Last editedJan 20222 min read
It’s important to cater for the preferences of your customer base. A recent survey found that just over half (51%) of UK customers preferred paying by card when shopping online. If you want to accept debit and credit card payments, you’ll need to use the services of a credit card processor. How does this work behind the scenes? Here’s what to expect from a credit card processor for small business.
What is a credit card processor?
You already know that a sale involves the seller (your business) and the buyer (your customer). A credit card processor is the third party that facilitates this sale via a number of actions. As soon as your customer swipes their card or enters their details online, the transaction goes through a set process. There are several parties involved with payment processing apart from the credit card processor:
Cardholder – the customer obtains a credit or debit card from a credit card company or issuing bank
Merchant – the business agrees to accept credit or debit card payments
Merchant bank – the bank where deposits from credit and debit card payments are held
Issuing bank – the bank or financial institution that issues cards to cardholders
Card associations – the networks like Visa, Mastercard, American Express, and Discover
A credit card processor connects merchants, merchant banks, and card associations to facilitate transactions.
How does credit card processing work?
A credit card processor company facilitates transactions through three processes:
During the authorisation process, the cardholder puts everything into motion by presenting their card to the merchant as payment.
The merchant sends a payment authorisation request to the credit card processor company. The processor submits transactions for approval from the issuing bank and card association. It’s up to the issuing bank to ensure that all card details match their records and that the cardholder has sufficient funds. They will approve or deny the transaction, submitting this response back to the card association, merchant bank, and finally on to the merchant.
With the transaction approved, the credit card processor moves onto settlement and funding. Merchants batch together authorised transactions and submit them to the credit card processor. The payment processor transmits these to the card associations, who passes them on to the issuing banks.
At this stage, the issuing banks charge the cardholders’ accounts, withdrawing the transaction balance minus any interchange fees. This is transferred to the merchant bank and deposited into the merchant account.
While authorisation is completed within seconds, settlement and funding can take a day or more.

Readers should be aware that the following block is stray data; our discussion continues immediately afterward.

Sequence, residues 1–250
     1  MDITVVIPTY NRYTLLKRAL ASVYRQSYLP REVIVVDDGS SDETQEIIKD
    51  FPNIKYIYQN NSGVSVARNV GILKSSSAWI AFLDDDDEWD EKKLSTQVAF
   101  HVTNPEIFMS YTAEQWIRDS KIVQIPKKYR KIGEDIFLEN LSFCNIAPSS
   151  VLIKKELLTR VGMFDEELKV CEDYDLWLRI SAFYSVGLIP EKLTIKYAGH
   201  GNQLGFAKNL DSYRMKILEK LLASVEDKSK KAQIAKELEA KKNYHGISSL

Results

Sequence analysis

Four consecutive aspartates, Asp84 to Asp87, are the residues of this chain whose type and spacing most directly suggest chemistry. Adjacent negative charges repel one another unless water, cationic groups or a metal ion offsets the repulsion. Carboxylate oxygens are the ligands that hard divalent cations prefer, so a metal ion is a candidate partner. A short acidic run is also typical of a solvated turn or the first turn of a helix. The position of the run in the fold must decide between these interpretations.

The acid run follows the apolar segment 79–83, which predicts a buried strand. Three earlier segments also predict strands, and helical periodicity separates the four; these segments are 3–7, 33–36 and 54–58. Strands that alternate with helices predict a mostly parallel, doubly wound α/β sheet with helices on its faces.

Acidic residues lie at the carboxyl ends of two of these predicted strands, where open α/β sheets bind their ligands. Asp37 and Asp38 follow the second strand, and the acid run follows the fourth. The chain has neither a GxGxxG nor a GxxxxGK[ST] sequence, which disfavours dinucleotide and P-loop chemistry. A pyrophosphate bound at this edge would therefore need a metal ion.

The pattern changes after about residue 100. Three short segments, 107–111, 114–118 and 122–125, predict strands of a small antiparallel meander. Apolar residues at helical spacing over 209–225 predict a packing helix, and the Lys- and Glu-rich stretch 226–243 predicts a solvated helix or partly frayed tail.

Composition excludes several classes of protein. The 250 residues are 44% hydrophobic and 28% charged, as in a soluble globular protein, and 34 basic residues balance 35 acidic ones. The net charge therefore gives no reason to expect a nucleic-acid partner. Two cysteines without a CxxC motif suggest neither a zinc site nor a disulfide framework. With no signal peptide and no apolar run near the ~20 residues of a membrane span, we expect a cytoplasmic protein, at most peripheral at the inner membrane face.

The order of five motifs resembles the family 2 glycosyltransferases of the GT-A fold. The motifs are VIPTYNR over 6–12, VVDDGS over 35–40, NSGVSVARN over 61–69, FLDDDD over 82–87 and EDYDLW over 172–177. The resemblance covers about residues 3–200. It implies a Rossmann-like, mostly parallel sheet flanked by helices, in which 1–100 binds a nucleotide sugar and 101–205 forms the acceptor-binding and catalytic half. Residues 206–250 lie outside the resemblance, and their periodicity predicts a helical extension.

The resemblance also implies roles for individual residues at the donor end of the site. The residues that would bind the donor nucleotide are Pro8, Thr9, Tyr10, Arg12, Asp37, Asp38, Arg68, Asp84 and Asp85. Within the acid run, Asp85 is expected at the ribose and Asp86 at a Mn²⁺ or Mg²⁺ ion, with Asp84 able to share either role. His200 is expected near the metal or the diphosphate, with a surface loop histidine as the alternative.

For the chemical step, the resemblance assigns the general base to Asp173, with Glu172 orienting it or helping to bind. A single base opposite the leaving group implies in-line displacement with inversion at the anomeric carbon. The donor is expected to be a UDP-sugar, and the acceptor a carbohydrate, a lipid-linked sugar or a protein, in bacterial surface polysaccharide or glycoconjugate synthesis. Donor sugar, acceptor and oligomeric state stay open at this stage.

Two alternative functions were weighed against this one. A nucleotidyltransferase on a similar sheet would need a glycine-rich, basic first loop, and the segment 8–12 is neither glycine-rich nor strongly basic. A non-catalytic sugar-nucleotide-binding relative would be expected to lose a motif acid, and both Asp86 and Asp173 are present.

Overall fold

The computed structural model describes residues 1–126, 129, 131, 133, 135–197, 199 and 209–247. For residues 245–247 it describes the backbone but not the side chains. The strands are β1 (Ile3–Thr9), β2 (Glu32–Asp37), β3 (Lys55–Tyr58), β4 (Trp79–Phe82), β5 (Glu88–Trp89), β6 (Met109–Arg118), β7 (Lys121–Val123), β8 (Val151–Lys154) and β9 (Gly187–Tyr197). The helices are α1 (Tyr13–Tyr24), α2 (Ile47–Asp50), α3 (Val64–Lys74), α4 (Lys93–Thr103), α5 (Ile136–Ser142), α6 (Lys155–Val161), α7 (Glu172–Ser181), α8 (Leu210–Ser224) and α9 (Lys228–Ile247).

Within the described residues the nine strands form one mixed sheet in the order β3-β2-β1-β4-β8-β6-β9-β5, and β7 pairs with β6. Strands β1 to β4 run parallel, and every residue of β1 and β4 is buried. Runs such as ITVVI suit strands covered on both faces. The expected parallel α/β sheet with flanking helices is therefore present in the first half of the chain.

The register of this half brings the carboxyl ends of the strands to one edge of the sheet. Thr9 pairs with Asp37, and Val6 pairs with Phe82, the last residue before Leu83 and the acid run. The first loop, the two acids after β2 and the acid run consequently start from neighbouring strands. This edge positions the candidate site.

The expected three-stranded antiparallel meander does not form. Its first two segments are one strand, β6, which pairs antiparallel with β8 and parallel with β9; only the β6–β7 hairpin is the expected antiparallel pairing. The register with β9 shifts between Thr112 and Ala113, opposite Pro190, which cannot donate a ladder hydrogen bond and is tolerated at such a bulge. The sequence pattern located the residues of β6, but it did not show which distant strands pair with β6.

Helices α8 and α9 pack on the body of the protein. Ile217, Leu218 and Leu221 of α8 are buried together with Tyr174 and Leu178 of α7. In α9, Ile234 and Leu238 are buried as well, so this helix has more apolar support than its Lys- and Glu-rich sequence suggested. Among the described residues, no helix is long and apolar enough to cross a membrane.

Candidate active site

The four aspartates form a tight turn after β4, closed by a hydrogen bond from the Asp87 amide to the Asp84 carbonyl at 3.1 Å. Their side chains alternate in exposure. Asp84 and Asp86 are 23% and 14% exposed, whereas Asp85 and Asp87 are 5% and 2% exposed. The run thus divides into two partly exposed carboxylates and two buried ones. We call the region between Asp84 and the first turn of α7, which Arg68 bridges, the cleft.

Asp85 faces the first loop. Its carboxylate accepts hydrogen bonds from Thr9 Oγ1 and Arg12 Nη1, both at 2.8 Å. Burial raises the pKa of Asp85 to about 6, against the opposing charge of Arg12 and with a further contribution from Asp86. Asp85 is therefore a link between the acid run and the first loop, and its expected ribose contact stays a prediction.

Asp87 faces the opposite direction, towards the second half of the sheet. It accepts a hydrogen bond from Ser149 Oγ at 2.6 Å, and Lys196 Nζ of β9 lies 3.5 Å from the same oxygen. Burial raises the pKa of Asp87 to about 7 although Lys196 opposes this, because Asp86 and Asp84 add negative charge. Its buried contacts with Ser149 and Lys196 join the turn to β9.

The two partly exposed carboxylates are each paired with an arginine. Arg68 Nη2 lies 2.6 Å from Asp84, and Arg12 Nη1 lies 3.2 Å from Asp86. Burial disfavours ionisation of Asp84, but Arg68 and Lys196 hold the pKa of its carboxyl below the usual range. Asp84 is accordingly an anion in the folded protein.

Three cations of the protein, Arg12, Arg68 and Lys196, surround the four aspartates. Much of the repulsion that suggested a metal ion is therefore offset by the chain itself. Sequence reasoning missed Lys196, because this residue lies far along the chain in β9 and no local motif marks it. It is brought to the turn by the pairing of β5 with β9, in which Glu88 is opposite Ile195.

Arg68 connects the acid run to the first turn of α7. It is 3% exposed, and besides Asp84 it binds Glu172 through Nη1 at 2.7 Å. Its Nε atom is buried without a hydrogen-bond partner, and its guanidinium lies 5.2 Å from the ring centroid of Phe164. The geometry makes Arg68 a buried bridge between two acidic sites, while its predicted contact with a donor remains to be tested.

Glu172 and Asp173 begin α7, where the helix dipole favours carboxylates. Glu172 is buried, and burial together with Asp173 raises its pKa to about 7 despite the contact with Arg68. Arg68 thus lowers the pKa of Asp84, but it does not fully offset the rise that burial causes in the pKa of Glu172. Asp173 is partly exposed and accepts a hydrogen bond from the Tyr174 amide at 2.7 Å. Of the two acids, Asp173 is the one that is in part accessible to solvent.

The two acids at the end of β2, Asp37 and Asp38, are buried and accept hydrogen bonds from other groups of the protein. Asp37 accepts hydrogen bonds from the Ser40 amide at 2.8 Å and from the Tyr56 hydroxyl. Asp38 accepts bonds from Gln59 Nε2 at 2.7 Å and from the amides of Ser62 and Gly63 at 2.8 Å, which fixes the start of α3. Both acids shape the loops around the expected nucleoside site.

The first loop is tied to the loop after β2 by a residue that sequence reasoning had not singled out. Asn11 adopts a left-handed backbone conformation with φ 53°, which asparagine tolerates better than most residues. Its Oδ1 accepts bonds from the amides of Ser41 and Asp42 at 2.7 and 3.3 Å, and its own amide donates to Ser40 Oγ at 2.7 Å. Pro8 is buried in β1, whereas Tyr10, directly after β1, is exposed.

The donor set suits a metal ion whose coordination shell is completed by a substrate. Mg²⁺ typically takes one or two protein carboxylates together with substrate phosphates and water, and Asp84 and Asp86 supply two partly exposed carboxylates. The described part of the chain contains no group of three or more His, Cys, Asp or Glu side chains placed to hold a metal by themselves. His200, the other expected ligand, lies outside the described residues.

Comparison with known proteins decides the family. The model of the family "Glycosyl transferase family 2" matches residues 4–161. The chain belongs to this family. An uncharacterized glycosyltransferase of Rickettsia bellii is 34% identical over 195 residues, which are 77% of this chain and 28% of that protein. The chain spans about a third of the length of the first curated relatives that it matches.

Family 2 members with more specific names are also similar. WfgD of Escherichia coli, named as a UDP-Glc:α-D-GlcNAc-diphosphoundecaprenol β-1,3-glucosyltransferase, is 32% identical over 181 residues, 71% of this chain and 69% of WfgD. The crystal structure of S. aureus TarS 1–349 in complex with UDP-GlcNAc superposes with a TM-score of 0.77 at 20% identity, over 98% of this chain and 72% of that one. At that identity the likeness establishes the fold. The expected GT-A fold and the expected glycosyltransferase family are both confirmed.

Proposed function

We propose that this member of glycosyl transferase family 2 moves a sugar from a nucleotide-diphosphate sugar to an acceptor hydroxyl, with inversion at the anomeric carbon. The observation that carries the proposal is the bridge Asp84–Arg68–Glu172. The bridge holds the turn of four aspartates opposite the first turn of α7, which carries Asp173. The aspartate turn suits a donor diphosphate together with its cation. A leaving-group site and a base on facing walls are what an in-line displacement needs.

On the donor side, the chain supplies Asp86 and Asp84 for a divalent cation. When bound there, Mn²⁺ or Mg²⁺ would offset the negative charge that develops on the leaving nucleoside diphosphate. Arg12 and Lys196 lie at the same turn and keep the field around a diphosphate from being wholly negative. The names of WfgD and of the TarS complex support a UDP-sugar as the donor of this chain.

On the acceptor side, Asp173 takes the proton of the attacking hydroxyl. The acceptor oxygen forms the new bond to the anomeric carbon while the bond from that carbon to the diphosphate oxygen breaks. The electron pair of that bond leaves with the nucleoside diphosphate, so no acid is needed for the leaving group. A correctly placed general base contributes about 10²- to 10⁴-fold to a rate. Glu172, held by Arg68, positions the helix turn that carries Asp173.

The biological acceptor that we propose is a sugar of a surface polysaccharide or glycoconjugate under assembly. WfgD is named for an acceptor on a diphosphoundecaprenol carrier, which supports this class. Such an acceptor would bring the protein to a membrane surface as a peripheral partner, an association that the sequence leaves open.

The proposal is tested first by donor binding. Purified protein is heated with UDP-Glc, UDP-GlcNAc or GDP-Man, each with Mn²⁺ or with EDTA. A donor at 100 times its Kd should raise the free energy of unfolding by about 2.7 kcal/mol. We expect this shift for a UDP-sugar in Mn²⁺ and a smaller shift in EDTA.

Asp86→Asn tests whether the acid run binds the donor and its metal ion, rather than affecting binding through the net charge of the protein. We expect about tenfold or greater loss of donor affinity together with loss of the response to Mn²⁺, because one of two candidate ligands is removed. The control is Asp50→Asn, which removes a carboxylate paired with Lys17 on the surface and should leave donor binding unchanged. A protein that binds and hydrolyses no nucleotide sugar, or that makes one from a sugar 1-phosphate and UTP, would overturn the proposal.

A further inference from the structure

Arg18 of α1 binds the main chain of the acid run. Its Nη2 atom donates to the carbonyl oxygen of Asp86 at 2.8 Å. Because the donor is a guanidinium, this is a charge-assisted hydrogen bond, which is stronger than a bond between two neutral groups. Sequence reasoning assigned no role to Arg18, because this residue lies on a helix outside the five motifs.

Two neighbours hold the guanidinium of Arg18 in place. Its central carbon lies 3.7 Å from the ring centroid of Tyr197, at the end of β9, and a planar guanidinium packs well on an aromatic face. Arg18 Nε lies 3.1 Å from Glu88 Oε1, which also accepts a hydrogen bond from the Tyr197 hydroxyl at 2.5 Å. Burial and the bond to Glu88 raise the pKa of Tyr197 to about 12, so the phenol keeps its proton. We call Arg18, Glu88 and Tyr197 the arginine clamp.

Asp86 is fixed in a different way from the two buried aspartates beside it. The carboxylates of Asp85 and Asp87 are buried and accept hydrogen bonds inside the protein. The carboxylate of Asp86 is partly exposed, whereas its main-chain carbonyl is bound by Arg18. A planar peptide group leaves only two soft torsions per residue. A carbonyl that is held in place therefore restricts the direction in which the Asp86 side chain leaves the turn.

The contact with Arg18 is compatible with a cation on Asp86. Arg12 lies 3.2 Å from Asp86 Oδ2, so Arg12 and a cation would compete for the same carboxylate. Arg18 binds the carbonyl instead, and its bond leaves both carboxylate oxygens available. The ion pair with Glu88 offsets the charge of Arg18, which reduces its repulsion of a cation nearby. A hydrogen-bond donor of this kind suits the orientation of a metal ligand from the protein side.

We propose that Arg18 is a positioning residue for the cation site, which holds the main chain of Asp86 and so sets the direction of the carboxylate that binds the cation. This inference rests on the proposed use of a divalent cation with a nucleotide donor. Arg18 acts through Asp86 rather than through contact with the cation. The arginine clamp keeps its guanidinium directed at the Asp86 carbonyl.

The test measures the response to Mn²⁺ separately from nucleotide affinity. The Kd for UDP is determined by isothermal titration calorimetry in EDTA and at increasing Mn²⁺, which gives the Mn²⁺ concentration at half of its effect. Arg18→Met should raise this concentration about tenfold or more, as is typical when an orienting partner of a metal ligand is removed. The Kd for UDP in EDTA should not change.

How much are UK credit card processor fees?
Business credit card charges can vary widely. The bulk of these processing fees stem from a merchant service charge (MSC). This is a transaction fee taken from each sale, usually charged as a percentage. Currently, average merchant service charges fall between 0.25% and 0.6% for debit cards and 0.3% and 0.9% for credit cards.
In addition to the MSC, you’ll also need to pay authorisation and administrative fees. You can find a breakdown of these various processor charges in our guide to merchant fees. It’s important to shop around and compare UK credit card processors carefully to find the best rates.
How to choose the best credit card processor
Cost is one factor to consider when searching for a credit card processor for small businesses. However, the best credit card processor won’t necessarily be the cheapest. In addition to looking carefully at per-transaction fees and other costs, you should also think about compatibility. How well will the processor work with your existing ecommerce setup? Security is also important. You’ll need to choose a PCI-compliant payment processor to ensure you’re following all the rules related to storing and transmitting cardholder information.
It’s worth considering additional types of online payments. Providing greater variety when it comes to payment methods puts more choice in the hands of your customers. If your business already accepts payments online, pull-based payments that move money directly from account to account are an excellent solution. GoCardless is perfectly suited to receiving invoice and recurring payments, plus our new Instant Bank Pay allows you to request same day payments easily via paylink.
We can help
GoCardless helps you automate payment collection, cutting down on the amount of admin your team needs to deal with when chasing invoices. Find out how GoCardless can help you with ad hoc payments or recurring payments.